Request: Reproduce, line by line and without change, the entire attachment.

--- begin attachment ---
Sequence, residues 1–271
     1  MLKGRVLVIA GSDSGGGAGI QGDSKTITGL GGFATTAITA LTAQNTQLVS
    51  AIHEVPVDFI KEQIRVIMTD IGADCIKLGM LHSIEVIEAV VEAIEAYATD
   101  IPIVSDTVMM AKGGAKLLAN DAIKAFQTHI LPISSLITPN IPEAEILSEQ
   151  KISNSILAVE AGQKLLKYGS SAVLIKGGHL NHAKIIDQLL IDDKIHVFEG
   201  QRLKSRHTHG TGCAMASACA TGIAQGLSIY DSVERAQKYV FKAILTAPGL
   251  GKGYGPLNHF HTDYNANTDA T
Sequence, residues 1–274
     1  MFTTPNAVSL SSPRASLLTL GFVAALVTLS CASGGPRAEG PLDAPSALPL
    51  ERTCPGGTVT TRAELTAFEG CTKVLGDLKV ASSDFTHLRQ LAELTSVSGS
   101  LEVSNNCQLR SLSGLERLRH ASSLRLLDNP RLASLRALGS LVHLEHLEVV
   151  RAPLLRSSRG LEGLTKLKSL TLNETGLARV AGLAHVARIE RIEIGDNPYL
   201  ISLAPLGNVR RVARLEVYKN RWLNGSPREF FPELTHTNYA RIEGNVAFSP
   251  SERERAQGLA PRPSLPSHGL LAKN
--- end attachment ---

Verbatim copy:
Sequence, residues 1–271
     1  MLKGRVLVIA GSDSGGGAGI QGDSKTITGL GGFATTAITA LTAQNTQLVS
    51  AIHEVPVDFI KEQIRVIMTD IGADCIKLGM LHSIEVIEAV VEAIEAYATD
   101  IPIVSDTVMM AKGGAKLLAN DAIKAFQTHI LPISSLITPN IPEAEILSEQ
   151  KISNSILAVE AGQKLLKYGS SAVLIKGGHL NHAKIIDQLL IDDKIHVFEG
   201  QRLKSRHTHG TGCAMASACA TGIAQGLSIY DSVERAQKYV FKAILTAPGL
   251  GKGYGPLNHF HTDYNANTDA T
Sequence, residues 1–274
     1  MFTTPNAVSL SSPRASLLTL GFVAALVTLS CASGGPRAEG PLDAPSALPL
    51  ERTCPGGTVT TRAELTAFEG CTKVLGDLKV ASSDFTHLRQ LAELTSVSGS
   101  LEVSNNCQLR SLSGLERLRH ASSLRLLDNP RLASLRALGS LVHLEHLEVV
   151  RAPLLRSSRG LEGLTKLKSL TLNETGLARV AGLAHVARIE RIEIGDNPYL
   201  ISLAPLGNVR RVARLEVYKN RWLNGSPREF FPELTHTNYA RIEGNVAFSP
   251  SERERAQGLA PRPSLPSHGL LAKN